There are a couple different ones. The more informal ones are how it starts out—everyone’s going to these workshops, and they’re getting all excited, and they’re loading their brains up with all this knowledge, and they’re kind of overwhelmed and psyched at the same time, getting really inspired. And it’s the conversations afterwards, like when you’re going home at night and your brain is swarming, and you’re like, “Oh my God what do we do?” and you have a bunch of youth with you already—you have [about] forty youth leaders maybe in your group—and you sit down and you’re talking. And you are creating state networks, and it’s these initial conversations where things get started, which is so inspiring to me. Energy Action was created after a regional summit in the southeast on someone’s dorm bed, the idea of creating a coalition like Energy Action. So it’s those types of conversations that are really inspiring to me. Those are the highlights, those are the behind-the-scenes things.

Then also there’s also the lobby day and the DC rally, which is going to be really, really exciting. We’ll be on the capital, have a few speakers, and then we’re also going to be hitting up our representatives and pushing for these bold asks. That’s always really exciting to me, especially because I did a lobby campaign for eight years. It’s good to see people out in the streets and doing that.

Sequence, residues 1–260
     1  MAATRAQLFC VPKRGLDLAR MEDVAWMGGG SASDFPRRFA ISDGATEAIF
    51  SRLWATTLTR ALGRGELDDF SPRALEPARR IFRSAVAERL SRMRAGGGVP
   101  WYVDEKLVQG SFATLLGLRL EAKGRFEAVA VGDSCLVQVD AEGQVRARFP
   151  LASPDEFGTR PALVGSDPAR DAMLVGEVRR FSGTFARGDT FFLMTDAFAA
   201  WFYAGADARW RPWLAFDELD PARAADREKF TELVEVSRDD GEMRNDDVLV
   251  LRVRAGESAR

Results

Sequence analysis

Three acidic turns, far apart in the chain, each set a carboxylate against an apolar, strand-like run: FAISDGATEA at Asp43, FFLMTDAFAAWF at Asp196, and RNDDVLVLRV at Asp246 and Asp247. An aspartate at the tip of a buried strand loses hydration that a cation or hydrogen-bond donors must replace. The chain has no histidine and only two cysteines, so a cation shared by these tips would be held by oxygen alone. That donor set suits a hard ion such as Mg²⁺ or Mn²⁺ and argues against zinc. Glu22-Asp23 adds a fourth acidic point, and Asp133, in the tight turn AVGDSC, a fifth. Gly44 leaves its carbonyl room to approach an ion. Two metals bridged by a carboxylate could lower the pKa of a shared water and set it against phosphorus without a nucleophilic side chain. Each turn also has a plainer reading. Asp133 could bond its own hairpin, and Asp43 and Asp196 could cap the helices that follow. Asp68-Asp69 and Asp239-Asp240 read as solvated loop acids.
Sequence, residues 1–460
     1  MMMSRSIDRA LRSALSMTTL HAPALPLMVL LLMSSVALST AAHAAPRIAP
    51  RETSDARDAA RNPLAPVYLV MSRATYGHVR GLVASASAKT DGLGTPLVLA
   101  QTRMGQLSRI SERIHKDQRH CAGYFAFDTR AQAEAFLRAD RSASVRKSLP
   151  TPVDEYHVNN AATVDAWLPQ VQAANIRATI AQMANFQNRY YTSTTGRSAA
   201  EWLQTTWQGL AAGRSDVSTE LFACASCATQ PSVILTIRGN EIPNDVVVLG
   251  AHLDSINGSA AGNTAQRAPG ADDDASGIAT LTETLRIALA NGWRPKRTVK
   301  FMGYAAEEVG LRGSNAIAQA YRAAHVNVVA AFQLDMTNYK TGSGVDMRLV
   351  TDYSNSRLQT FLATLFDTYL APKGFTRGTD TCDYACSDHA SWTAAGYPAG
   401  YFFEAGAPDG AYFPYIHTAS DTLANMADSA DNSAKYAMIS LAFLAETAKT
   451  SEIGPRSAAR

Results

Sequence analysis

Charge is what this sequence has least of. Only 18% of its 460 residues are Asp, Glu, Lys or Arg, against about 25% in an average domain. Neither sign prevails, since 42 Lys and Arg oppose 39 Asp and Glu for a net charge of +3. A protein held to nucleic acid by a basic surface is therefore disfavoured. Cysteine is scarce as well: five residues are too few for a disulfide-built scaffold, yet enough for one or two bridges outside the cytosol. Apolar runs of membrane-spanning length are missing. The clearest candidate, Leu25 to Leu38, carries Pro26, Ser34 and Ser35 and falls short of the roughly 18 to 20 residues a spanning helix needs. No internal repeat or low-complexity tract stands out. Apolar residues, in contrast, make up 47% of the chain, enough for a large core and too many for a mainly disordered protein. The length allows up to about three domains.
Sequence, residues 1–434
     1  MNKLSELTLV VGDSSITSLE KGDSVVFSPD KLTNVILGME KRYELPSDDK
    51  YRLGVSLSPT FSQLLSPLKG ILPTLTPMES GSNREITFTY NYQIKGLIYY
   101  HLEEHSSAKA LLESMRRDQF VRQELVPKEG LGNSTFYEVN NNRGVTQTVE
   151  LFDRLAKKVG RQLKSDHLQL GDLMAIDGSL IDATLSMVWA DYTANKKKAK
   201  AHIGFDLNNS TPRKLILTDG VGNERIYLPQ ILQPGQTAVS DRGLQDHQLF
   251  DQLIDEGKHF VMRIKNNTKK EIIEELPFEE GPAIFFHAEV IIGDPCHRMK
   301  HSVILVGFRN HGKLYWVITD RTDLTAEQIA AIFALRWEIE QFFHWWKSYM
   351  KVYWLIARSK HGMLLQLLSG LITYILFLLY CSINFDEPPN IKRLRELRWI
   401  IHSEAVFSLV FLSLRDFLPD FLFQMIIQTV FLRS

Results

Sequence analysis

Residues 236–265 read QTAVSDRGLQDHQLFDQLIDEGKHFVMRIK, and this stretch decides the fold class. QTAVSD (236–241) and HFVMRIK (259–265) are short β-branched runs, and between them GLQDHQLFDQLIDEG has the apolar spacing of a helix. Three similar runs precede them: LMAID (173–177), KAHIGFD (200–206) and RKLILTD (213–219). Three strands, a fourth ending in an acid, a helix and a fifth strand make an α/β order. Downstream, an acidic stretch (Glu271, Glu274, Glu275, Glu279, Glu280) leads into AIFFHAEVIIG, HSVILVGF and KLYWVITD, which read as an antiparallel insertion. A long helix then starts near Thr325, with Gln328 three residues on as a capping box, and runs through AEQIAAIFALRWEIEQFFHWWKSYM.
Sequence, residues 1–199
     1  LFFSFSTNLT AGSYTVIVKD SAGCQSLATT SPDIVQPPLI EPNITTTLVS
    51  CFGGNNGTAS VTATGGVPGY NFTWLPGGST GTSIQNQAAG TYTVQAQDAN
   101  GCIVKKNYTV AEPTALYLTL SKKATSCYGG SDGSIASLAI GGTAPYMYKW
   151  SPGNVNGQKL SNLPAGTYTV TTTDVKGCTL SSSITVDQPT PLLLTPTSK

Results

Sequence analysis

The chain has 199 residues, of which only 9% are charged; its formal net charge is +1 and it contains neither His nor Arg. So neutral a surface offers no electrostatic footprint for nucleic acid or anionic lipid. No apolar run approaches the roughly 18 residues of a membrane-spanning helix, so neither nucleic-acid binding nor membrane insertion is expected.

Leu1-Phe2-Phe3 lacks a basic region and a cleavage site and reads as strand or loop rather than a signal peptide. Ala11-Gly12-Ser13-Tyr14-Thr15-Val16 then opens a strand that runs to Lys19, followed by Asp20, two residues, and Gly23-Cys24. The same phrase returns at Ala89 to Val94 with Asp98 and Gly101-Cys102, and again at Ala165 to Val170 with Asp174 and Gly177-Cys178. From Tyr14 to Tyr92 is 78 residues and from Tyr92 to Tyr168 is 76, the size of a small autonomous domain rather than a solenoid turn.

What is the next step after Power Shift?

The next step is to go back to your homes and your communities, and take it there. It’s taking those skills and inspiration back to your community. Taking those networks that you built and creating something that can have a local impact. You can share those stories.

Thanks, Shadia! As I said, stay tuned for more of our interview. In the meantime, here are some more links to check out:

Girls, your voices make a difference, and it's all about what you have to say. What's your passion?

Signing off, Bissy (Elizabeth!)


New Moon said...

Great YouTube video! I'm so excited that young people are making this happen. You girls rock!

Anonymous said...

My exchange student is going to d.c. to participate in this. She wants to do more, but she is applying for her visa and doesnt want to get in trouble

piglet said...

kool! this rocks!